Of course they aren't, but they aren't totally independent either. Almost all processed foods are sweetened, things like brussel sprouts and Belgian endive are bred less bitter, all kinds of fruits and vegetables are bred sweeter than they ever were and people get used to it. Especially because children naturally favour sweet over other tastes, people get used to it from a young age at the expense of more difficult tastes like bitter and sour. I like to call that infantilization of taste, to be fair I've always had an interest in tastes that were a bit disturbing at first and wasn't raised a sweettooth. But I've noticed with others that their taste in beer tended to shift to the more hoppy lagers and away from the sweet ones when growing up (the start drinking age used to be 14-16 here for many). So I wonder if it's only personal.

I like the hoppier lagers, like Jever, Urquell and Grolsch. My issue with IPA's is that most don't seem finished. They are on to something and then the man buns come on their fixies with their marketing plans and the IPA gets launched before it got balanced and rounded, not necessarily meaning less hops. I was in a bar with friends recently and I got so fed up with those unfinished products I ordered a Westvleteren blond, which made the young bartender who had admitted he didn't know much about beer disappear in the cellar for a while. That backfired because one of my friends knew a local bar that had it but it wasn't that local and the rain and cold made it a terrible bike ride, he's a very committed person once he gets an idea, and he has an e-bike while only my rear rack could carry friend nr. 2. It was a nice bar with nice beers and he knew the owner but it had run out of Westvleteren.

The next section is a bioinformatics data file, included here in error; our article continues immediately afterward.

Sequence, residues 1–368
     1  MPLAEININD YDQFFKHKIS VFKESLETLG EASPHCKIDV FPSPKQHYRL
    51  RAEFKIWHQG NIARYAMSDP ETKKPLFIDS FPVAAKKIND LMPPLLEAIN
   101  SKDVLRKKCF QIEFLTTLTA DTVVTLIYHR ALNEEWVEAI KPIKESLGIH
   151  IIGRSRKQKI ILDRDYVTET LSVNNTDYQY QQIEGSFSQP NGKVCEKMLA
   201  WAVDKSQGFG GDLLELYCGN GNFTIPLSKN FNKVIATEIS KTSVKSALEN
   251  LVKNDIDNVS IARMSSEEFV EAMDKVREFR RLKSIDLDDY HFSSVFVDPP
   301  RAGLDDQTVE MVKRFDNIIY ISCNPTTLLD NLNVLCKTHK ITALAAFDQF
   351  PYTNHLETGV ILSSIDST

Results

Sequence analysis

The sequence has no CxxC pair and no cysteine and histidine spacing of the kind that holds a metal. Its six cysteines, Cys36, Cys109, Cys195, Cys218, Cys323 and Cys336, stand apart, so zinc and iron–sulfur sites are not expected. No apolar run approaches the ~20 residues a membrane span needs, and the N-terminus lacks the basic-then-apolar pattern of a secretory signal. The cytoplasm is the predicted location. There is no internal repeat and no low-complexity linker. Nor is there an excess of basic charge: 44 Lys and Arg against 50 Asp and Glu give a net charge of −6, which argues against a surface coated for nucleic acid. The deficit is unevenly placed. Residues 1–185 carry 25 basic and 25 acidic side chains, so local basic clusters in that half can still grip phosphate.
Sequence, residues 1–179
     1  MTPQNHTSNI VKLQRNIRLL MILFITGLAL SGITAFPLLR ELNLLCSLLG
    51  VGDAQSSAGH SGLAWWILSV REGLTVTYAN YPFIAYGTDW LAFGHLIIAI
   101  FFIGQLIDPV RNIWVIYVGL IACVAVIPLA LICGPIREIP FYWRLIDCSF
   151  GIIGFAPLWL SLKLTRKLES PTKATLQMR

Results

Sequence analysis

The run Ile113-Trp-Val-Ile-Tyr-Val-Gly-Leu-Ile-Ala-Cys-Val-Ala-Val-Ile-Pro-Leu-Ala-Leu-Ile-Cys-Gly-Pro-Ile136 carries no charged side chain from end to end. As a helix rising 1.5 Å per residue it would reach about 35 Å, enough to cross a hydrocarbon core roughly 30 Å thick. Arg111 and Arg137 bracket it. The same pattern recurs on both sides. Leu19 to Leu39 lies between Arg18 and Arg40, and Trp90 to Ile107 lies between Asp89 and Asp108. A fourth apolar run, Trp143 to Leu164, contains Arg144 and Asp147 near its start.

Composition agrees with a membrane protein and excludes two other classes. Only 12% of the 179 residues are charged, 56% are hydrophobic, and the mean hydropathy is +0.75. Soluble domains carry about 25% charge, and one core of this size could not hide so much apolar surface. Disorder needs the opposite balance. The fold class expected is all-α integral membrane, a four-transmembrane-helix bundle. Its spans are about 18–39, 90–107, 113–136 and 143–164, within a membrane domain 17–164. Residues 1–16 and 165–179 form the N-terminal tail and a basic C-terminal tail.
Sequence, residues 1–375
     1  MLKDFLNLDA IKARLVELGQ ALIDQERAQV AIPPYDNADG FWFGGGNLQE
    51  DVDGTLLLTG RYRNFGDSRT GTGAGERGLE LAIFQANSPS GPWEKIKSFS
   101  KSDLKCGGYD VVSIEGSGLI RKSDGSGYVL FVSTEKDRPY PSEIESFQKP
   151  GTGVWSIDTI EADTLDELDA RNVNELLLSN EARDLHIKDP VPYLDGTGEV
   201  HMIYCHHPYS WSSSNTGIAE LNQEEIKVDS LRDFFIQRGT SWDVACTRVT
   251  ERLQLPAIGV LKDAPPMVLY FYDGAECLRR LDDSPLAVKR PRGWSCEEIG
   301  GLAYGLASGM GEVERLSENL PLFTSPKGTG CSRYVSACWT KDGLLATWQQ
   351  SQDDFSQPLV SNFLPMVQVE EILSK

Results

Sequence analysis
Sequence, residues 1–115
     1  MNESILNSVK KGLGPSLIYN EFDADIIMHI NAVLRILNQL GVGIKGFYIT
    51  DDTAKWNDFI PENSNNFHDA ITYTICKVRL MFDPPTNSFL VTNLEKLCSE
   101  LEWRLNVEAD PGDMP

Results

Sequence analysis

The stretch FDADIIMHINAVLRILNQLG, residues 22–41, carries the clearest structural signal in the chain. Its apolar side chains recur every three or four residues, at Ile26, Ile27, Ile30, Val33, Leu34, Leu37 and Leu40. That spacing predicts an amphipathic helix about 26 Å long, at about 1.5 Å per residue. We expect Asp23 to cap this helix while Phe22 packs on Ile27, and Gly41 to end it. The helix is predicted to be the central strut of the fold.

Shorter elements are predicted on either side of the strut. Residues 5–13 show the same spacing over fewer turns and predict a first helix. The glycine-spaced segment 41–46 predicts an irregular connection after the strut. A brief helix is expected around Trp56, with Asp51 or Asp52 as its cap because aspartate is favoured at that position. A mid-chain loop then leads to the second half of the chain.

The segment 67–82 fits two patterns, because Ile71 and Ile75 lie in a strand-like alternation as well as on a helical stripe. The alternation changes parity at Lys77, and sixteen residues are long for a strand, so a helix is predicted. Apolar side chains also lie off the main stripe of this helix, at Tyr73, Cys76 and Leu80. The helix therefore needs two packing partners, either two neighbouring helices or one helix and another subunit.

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Old 04-22-20, 07:58 AM
  #71  
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Originally Posted by FiftySix View Post
Fredericksburg, Texas. I haven't been there in a long time. Being that it's a 4+ hour drive from my house has something to do with that.
​​​​​​You're in then next town over, then!

I kid, I kid. Just that my experience living and moreso cycling in west Texas for a while was that it ain't so much that Texas is big, but that there's a whole lot of empty between watering holes.
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Old 04-22-20, 08:10 AM
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Originally Posted by Stadjer View Post
I'm sure they were, but gruit was also used as a preservative. Beer in general used to be a preservative of the necessary drinking water and relying on high percentage of alcohol must have had it's obvious disadvantages.A lot of Belgians who are over 70 now grew up with 'table beer' as a young kid, just to have something to dirnk and certainly not because they liked it, they didn't. This was 1-2% alcohol.
Wasn't that also called "small beer"? For when you couldn't safely drink the water.
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Old 04-22-20, 08:14 AM
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Originally Posted by Stadjer View Post